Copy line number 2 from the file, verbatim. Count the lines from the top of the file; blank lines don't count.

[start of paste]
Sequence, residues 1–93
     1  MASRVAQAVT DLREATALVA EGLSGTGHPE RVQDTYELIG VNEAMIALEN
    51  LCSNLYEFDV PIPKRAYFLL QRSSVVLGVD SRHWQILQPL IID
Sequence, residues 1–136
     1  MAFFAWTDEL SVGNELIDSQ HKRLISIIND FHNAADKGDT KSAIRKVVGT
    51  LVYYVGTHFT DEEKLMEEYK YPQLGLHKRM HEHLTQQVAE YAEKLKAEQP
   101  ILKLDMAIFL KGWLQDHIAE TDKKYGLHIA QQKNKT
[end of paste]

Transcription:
     1  MASRVAQAVT DLREATALVA EGLSGTGHPE RVQDTYELIG VNEAMIALEN